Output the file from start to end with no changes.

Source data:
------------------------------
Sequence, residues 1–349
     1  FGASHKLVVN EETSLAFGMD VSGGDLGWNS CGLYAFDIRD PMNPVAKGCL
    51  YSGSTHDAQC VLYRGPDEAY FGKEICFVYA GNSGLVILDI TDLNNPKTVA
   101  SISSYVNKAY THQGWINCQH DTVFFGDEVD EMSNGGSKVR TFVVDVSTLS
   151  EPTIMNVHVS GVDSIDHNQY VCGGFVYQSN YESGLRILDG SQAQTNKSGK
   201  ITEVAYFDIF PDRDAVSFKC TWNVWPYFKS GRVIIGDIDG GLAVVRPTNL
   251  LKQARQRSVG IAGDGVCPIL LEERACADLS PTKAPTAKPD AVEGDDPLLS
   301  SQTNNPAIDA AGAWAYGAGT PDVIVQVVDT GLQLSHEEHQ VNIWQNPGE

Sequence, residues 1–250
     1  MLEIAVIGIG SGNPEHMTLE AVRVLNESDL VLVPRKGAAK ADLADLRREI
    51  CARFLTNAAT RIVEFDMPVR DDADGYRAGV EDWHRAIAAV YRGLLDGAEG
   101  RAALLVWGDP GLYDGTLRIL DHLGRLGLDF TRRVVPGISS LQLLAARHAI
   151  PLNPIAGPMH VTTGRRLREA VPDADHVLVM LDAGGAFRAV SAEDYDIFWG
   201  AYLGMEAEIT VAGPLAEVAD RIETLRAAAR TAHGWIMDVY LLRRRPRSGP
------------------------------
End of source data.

Sequence, residues 1–349
     1  FGASHKLVVN EETSLAFGMD VSGGDLGWNS CGLYAFDIRD PMNPVAKGCL
    51  YSGSTHDAQC VLYRGPDEAY FGKEICFVYA GNSGLVILDI TDLNNPKTVA
   101  SISSYVNKAY THQGWINCQH DTVFFGDEVD EMSNGGSKVR TFVVDVSTLS
   151  EPTIMNVHVS GVDSIDHNQY VCGGFVYQSN YESGLRILDG SQAQTNKSGK
   201  ITEVAYFDIF PDRDAVSFKC TWNVWPYFKS GRVIIGDIDG GLAVVRPTNL
   251  LKQARQRSVG IAGDGVCPIL LEERACADLS PTKAPTAKPD AVEGDDPLLS
   301  SQTNNPAIDA AGAWAYGAGT PDVIVQVVDT GLQLSHEEHQ VNIWQNPGE

Sequence, residues 1–250
     1  MLEIAVIGIG SGNPEHMTLE AVRVLNESDL VLVPRKGAAK ADLADLRREI
    51  CARFLTNAAT RIVEFDMPVR DDADGYRAGV EDWHRAIAAV YRGLLDGAEG
   101  RAALLVWGDP GLYDGTLRIL DHLGRLGLDF TRRVVPGISS LQLLAARHAI
   151  PLNPIAGPMH VTTGRRLREA VPDADHVLVM LDAGGAFRAV SAEDYDIFWG
   201  AYLGMEAEIT VAGPLAEVAD RIETLRAAAR TAHGWIMDVY LLRRRPRSGP